When people are up for an award at the Oscars or some other prestigious event, they generally know all about it beforehand. So they turn up on the day with an impromptu speech tucked away in a pocket and they’ve a glassy smile to hand when it turns out that they’ve been overlooked for yet another year…

LINX, the London Internet Exchange, doesn’t work that way, so I’d no previous inkling when they recently gave me their 2007 award for a “conspicuous contribution”.

LINX conspicuous contribution award 2007

This award was first given in 2006 to Nigel Titley, who was a LINX council member from its 1994 formation through to 2006, and his contribution is crystal clear to all. My own was perhaps a little less obvious. I have regularly attended LINX general meetings from 1998 onwards — even after I became an academic, because attending LINX meetings is one of the ways that I continue to consult for THUS plc (aka Demon Internet), my previous employer. I’ve often given talks at meetings, or just asked awkward questions of the LINX board from the floor.

But I suspect that the main reason that I got the award is because of my contribution to many of LINX’s Best Current Practice (BCP) documents, on everything from traceability to spam. These documents are hugely influential. They show the industry the best ways to do things — spreading knowledge to all of the companies, not keeping it within the largest and most competent. They show Government and the regulators that the industry is responsible and can explain why it works the way it does. They educate end-users to the best way of doing things and — when there’s a dispute with an abuse@ team — that other ISPs will take the same dim view of their spamming as their current provider (which reduces churn and helps everyone to work things out sensibly).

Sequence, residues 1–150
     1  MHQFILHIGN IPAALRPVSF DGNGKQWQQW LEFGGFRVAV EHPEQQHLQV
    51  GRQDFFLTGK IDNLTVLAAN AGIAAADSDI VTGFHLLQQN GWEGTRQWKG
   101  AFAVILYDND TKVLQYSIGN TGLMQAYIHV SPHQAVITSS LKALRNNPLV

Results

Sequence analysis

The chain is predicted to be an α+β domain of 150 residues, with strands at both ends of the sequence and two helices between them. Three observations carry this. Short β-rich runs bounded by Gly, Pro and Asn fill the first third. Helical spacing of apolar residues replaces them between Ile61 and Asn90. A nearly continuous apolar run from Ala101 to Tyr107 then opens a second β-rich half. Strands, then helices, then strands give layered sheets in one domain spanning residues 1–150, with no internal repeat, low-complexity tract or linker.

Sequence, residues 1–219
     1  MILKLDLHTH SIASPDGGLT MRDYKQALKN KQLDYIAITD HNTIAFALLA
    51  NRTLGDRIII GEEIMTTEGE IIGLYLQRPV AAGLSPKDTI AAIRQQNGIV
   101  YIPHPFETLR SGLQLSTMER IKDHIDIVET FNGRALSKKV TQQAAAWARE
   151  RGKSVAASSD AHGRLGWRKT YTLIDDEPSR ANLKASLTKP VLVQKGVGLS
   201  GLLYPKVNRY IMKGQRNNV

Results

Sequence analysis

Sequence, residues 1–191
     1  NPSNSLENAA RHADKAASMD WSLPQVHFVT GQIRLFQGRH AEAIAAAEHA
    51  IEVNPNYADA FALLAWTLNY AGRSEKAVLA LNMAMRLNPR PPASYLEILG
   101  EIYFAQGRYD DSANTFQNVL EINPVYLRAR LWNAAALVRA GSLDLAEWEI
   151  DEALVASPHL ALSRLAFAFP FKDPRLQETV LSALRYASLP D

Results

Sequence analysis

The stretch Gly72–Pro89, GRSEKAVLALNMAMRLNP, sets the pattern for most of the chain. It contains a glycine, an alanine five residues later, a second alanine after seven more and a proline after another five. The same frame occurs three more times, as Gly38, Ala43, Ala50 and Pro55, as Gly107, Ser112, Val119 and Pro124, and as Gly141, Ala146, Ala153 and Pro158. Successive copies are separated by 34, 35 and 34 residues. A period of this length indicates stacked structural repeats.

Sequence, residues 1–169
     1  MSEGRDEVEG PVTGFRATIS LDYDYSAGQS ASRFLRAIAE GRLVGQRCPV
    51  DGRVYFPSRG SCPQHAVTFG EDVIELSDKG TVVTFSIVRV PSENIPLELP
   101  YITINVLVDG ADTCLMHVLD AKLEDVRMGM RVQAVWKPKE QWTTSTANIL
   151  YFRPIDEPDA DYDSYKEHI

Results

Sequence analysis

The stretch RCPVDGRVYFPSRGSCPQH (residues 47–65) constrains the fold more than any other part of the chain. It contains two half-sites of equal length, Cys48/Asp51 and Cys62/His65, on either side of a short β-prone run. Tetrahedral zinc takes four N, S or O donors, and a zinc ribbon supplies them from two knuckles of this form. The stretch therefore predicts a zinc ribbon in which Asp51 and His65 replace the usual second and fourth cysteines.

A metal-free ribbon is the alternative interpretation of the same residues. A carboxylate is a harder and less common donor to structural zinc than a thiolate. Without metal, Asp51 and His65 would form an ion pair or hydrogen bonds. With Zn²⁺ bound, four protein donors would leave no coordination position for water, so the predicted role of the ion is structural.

Of course I haven’t worked on these documents in isolation — the whole point is that they’re a distillation of Best Practice from across the whole industry, and so there’s been dozens of people from dozens of companies attending meetings, contributing text, reading drafts, and then eventually voting for their adoption at formal LINX meetings.

When you step back and think about it, it’s quite remarkable that so many companies from within a fiercely competitive industry are prepared, like THUS, to put their resources into co-operation in this way. I think it’s partly far-sightedness (a belief that self-regulation is much to be preferred to the imposition of standards from outside), and partly the inherent culture of the Internet, where you cannot stand alone but have to co-operate with other companies so that your customers can interwork.

Anyway, when I was given the award, I should have pulled out a neat little speech along the above lines, and said thank you to the whole industry, and thank you to THUS, and thank you to colleagues and particularly thank you to Phil Male who had faith that my consultancy would be of ongoing value… but it was all a surprise and I stammered out something far less eloquent. I’m really pleased to try and fix that now.